Ground-Based Augmentation System

Ground-Based Augmentation System

Ground-based augmentation system is basically a satellite navigation program. The idea of this system is that the pseudo range estimates performed by the receivers on the ground are utilized to make varying corrections for satellites. The corrections are given to the receiver on the air through a data link. Air Traffic Management on the air will use these corrections to come up with a set of accurate pseudo ranges which will become the basis of solution. The principle is that for a limited baseline gap between the receivers on the air and on the ground, possible errors can be detected immediately by both parties. Thus, these significant errors can be prevented and eliminated by distinctive processing.

Ground-based augmentation system(indra navia) is composed of three to four reference receivers which can be seen near the airport area. These receivers can detect the signals from the satellites used in navigation and then submit the pseudo range calculations and other pertinent information to command system and health performance monitoring to a main processing facility. This main facility will utilize different observations of the pseudo ranges.

From a technical point of view, GBAS can make use of GLONASS or GPS to use differential corrections. The International Civil Aviation Organization Standards and Recommended Practices include GLONASS and GPS altogether.

Installations of GBAS will provide many types of services for various operations; this is for the corrections of GNSS L1 alone. The DCPS or Differentially Corrected Positioning Service is meant to be of generic service for top accuracy positioning. Two GBAS system service have been made. GBAS Approach service Type C (GAST-C) which allows Category 1 process and this is already being used. GAST-D is still being developed and this one will help polish landings and process down to CAT II/III once approved. To eliminate any hazards, GAST-D will steel need extra broadcast messages.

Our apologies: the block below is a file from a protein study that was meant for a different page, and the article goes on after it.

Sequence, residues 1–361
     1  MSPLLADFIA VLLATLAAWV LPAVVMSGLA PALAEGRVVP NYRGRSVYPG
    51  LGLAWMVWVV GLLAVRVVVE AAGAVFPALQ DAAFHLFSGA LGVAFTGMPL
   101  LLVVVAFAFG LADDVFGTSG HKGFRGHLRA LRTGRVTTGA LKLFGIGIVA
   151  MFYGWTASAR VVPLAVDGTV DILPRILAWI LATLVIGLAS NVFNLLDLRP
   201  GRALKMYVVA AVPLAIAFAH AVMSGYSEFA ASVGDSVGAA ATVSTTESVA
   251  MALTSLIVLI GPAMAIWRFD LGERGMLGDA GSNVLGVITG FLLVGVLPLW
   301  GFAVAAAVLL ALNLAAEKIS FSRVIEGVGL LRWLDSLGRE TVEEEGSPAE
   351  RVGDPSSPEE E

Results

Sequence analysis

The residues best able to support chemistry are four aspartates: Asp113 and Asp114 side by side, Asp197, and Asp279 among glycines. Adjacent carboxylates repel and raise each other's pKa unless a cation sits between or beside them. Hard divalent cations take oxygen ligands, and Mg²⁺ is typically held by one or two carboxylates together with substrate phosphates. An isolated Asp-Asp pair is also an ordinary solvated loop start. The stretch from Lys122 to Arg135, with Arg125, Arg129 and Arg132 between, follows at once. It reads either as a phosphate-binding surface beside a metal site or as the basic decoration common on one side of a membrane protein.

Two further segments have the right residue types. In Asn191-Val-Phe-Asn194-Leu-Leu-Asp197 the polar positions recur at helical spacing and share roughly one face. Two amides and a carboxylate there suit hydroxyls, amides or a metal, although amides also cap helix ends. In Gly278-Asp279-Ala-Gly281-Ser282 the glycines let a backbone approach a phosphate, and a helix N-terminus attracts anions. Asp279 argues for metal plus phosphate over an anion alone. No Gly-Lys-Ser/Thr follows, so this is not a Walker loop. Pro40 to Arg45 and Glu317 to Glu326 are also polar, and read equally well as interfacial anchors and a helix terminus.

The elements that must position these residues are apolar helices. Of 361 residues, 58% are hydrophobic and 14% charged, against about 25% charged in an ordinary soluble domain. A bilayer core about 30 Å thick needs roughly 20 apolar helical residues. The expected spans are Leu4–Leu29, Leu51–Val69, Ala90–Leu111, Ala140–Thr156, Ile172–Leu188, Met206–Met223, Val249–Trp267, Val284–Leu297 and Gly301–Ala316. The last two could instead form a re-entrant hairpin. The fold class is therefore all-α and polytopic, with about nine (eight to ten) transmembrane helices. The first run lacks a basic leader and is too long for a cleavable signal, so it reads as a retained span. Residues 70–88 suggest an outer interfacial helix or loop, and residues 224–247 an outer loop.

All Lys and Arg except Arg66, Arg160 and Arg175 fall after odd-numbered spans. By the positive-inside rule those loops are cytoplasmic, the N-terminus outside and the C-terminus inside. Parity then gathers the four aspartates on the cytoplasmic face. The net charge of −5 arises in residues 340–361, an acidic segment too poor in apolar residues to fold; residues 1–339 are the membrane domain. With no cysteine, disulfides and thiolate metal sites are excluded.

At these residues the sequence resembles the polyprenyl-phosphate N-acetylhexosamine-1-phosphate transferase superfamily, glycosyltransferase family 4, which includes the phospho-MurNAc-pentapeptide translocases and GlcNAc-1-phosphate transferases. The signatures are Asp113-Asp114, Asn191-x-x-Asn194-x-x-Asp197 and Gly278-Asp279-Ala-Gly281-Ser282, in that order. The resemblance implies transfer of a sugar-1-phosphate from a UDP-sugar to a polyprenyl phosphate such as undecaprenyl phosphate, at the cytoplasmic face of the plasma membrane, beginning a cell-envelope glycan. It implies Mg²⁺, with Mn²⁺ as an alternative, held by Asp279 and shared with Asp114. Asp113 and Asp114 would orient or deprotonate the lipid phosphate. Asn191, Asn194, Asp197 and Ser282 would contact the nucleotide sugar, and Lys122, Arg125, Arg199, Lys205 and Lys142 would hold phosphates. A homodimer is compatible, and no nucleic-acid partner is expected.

VDB or VHF Data Remote Tower Broadcast is meant to communicate to approaching aircraft using binary GBAS messages. The messages operate in VHF band of 108.025 to 117.975 MHz and it also utilizes time division multiple access or TDMA to let multiple operation of GBAS ground stations on a single frequency.

GBAS (GBAS ground based augmentation system) advanced operations can minimize runway occupancy times and reduce the danger of wake vortex problems because of misplaced runway thresholds. It could maximize runway throughput even in low visibility conditions and worse weather conditions by minimizing space support. It can also lower noise concerns within airport vicinity using GBAS glide slopes and curved approaches.